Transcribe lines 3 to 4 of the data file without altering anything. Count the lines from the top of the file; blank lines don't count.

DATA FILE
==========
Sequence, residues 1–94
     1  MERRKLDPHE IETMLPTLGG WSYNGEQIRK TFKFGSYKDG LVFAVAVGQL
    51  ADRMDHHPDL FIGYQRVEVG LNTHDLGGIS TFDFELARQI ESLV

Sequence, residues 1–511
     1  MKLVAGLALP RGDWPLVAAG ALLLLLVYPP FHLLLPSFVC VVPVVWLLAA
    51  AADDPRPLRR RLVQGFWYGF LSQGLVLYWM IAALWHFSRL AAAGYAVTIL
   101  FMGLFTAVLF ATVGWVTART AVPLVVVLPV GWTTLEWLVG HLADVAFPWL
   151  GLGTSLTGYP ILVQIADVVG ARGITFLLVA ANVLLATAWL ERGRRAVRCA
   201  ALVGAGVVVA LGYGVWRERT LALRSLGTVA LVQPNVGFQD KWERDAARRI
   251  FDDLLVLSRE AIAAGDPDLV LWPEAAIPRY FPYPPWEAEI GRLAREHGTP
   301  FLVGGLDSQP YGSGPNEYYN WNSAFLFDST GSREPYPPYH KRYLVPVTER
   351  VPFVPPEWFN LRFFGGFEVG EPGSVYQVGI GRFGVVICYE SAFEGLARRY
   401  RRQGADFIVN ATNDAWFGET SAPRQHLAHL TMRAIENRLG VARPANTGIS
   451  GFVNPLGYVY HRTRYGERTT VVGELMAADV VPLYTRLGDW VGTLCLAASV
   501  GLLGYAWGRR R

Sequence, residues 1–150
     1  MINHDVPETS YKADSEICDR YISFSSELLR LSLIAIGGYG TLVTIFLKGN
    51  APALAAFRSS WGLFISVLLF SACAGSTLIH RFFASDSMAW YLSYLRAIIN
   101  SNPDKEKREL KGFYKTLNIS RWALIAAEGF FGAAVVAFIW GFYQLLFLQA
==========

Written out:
    51  ADRMDHHPDL FIGYQRVEVG LNTHDLGGIS TFDFELARQI ESLV

Sequence, residues 1–511